If you are new to the MBA application game or even if you are trying again, it never hurts to start with the basics.
As applications become available for top MBA programs, each year invites a new throng of b-school hopefuls clamoring for a seat in the class. If you are among these bright-eyed, ambitious professionals, it’s likely you have already begun to organize your approach. Whether you are applying for the first time, or returning as a re-applicant, however, there are three basic boxes you must check to pass the litmus test for MBA program application readiness…
1) Progressively responsible work experience
You’d be surprised how many applicants decide to return to graduate school before they have worked a shift in the real world. While there are certainly exceptions to every rule, in general, no business school that’s worthy of your time will allow you to enter the classroom without bringing substantial, impactful work experience. Business school is at least 50% about what you get from your classmates and the diversity of backgrounds and perspectives lends to the collective discussion in every business discipline.
2) An impressive undergrad college experience
If you graduated with a 2.0 GPA from an unranked state school, you can expect challenges getting into a top MBA program. While this is very bad news for anyone in this category, know that there are ways to overcome it, namely by bettering your pedigree through continuing education or impressive additional classroom experiences. See if you can build an alternative transcript by taking coursework at a name-brand institution. Even online courses can help if you find yourself lacking in academic prowess.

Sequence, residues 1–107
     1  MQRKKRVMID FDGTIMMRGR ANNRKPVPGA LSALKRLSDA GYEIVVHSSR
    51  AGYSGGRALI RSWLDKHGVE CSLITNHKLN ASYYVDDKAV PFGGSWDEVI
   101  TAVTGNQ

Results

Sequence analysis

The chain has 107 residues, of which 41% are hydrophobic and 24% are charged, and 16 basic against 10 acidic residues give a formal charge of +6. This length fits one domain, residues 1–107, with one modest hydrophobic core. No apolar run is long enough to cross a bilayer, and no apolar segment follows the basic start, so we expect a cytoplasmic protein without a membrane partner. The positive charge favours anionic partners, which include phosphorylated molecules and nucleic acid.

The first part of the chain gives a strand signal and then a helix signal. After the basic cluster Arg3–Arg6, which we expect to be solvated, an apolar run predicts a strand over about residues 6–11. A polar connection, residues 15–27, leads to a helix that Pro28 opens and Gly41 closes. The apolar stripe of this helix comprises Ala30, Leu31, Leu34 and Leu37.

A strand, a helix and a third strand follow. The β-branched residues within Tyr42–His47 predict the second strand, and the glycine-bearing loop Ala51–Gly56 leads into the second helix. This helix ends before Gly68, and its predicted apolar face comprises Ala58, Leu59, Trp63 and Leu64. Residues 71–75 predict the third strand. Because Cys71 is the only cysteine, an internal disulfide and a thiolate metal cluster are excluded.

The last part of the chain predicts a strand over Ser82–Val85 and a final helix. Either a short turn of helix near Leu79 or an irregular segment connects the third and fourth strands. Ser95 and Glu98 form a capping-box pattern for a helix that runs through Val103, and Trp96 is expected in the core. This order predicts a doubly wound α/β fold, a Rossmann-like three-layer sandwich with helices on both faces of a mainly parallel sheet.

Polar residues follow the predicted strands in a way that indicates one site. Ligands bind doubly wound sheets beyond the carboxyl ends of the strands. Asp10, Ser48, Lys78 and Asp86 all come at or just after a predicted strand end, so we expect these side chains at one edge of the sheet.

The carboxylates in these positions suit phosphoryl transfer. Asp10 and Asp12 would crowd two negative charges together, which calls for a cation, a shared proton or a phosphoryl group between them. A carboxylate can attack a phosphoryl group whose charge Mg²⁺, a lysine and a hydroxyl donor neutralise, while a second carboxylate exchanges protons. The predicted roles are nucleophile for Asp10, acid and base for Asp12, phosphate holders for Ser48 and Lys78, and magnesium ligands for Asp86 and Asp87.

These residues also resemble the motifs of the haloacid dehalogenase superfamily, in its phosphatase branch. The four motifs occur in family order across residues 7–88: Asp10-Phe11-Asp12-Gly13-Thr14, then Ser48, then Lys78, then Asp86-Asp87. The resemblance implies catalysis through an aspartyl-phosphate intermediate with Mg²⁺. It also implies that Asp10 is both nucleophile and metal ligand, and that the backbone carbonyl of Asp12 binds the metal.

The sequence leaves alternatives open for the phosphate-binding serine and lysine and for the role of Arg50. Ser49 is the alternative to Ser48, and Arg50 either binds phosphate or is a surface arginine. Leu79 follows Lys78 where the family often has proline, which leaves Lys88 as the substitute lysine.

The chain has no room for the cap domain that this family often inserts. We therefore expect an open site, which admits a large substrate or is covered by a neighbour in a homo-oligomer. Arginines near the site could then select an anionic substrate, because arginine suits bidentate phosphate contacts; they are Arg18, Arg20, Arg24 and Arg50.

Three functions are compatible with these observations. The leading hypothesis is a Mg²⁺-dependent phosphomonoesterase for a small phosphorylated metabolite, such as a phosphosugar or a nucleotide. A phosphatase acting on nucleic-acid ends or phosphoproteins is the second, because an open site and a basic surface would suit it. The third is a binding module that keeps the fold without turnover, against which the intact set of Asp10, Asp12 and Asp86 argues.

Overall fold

3) A stellar GMAT score
While a strong undergraduate experience can go a long way with the adcoms, a multitude of sins can be washed clean with a 7- handle on your GMAT score. Test scores directly impact a school’s reputation through the rankings, so offering a boost to a school’s average can go a long way when convincing them you are top-tier MBA material. Having trouble with the GMAT? You’re in luck, because schools will now also accept the GRE as an alternative. Often, applicants find the GRE more accessible and less intimidating, but whatever your favorite flavor of standardized test may be, make sure you are preparing adequately to post the best score you can. It’s not all about the test score by any means, but a good one can really make a difference.
If you have at least these three basic components in your arsenal, you can now move to the next step, which is to make sure you have the nuanced components which will distinguish your application from the rest.